The act allows municipalities to enact short-term rental regulations that are not inconsistent with the act, including requiring the owners of short-term rentals to obtain a municipal license in addition the tourism rooming house license from DATCP.

    Municipalities Adapt

    Witynski said the law is having an effect.

    “Communities are figuring out ways to adopt regulations which maybe aren’t satisfying to everyone, but it is quieter,” Witynski said.

    But having a law on the books is one thing, enforcing it another.

    Rural municipalities with small tax bases, including many in areas of the state long popular with summer visitors, sometimes struggle to find the resources to enforce short-term rental ordinances.

    Short-term rental regulations adopted by the Town of Holland in the wake of the act’s passage were challenged in a lawsuit filed in Sheboygan County in June 2019.1

    Those regulations specified the following:

    • owners who lived more than 35 miles away from the rental property must hire a local property manager;

    • owners must maintain homeowner’s liability or business liability insurance and provide proof of insurance;

    • the town could revoke the owner’s municipal rental license for unpaid fees, taxes, or forfeitures or for any violation of state or local laws; and

    • owners must provide at least one parking space for every four occupants.

    The plaintiffs argued that the 2017 act preempted local short-term rental regulations. They also argued that: 1) the short-term rentals did not involve commercial activity; and 2) the town’s regulations were inconsistent with the 2017 act.

    But the circuit court granted the defendant’s motion for summary judgment, ruling that the act left municipalities with some authority to regulate short-term rentals and the town’s regulations were consistent with the act.

    Tom Larson

    “It’s the behavior that should be regulated, not the duration of the tenancy,” says Tom Larson, Senior Vice President of Legal and Public Affairs, Wisconsin Realtor Association.

    ‘A Reasonable Regulatory Framework’

    Tom Larson, senior vice president of legal and public affairs with the Wisconsin Realtors Association, said his organization has filed multiple lawsuits around the state to compel municipalities to comply with the 2017 act and “create a reasonable regulatory framework.”

    With regard to some of the common complaints about short-term vacation rentals, Larson said municipalities should curb noisy and annoying behavior regardless of whether it’s exhibited by short-term renters or full-time residents.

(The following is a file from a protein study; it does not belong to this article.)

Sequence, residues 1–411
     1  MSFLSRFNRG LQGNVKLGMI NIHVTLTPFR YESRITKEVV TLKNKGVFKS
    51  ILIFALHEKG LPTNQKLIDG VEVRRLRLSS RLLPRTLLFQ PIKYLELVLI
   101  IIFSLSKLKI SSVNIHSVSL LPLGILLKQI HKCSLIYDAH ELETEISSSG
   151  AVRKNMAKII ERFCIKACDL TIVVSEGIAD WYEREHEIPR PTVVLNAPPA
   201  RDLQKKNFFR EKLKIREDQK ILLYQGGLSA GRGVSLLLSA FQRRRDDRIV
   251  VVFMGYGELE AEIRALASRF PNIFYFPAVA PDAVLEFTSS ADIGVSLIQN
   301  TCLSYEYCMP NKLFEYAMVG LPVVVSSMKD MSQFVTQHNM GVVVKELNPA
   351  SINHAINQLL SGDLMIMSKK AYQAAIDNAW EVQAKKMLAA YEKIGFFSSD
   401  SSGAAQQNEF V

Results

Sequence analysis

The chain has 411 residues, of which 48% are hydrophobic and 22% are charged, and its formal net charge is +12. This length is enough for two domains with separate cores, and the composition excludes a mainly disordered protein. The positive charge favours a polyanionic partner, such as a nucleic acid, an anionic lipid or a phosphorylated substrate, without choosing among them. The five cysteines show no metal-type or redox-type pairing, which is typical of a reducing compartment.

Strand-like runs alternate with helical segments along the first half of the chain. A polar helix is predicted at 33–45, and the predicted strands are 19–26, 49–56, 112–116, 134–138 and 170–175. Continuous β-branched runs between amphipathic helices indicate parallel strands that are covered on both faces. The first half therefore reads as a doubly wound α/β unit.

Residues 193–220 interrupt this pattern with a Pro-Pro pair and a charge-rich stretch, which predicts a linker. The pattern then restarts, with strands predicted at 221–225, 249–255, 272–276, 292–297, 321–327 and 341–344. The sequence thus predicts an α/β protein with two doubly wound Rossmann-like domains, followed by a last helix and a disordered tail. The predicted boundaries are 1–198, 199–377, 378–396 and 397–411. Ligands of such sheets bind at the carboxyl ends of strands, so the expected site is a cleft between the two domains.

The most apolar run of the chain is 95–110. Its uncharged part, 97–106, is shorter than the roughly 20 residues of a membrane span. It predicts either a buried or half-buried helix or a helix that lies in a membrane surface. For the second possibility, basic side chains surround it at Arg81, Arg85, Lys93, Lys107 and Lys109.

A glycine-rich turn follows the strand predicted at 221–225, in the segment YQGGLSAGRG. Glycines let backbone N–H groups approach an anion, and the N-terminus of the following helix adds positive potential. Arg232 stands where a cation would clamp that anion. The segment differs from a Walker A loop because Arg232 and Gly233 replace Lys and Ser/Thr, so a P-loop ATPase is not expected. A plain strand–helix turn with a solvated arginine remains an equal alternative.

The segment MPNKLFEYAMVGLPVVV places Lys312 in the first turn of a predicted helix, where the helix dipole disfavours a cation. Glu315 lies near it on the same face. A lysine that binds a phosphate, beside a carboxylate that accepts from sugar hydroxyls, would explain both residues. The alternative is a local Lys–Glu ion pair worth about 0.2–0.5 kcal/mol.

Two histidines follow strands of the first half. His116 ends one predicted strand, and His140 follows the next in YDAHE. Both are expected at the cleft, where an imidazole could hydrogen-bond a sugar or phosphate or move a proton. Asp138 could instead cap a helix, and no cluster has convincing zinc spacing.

“It’s the behavior that should be regulated, not the duration of the tenancy.”

    Larson said many people have long maintained second homes in Wisconsin, a tradition that’s been a boon to the state’s economy.

    Many of those homes have been rented out informally for years, long before the advent of Airbnb and Vrbo, Larson said.

    “We saw that as a huge economic development tool that we shouldn’t shut down just because we don’t like the nightly rentals. We have to recognize the difference and the important role it plays, especially in getting people to buy second homes in the state of Wisconsin and pay our property taxes while using very little resources.”

    The municipal bans on rentals of less than 30 days that popped up before passage of the 2017 act deprived local governments of much-needed revenue, Larson said.

    Only the Beginning?

    Larson said he expects that a lawsuit asserting that a local short-term rental ordinance conflicts with the 2017 act will make eventually make its way to the supreme court.

    Justice A.W. Bradley apparently shares that expectation.

    “As new arguments are developed, new fact situations presented, and new legislation passed, the law will continue to evolve in this area,” Justice A.W. Bradley wrote in her dissent in Forshee v. Neuschwander.

    “Restrictive covenants will be only one part of this evolution, as they intersect and overlap with the enforcement of local zoning ordinances that attempt to regulate this rapidly growing enterprise,” continued Bradley. “There will inevitably be more litigation surrounding short-term rentals.”

    It sounds like the legal tussle over property rights in vacation homes is as inevitable as sunburns, mosquito bites, and tall tales about the one that got away.

    Endnotes

    1 Good Neighbors Alliance v. Town of Holland, Case No. 2019CV000269.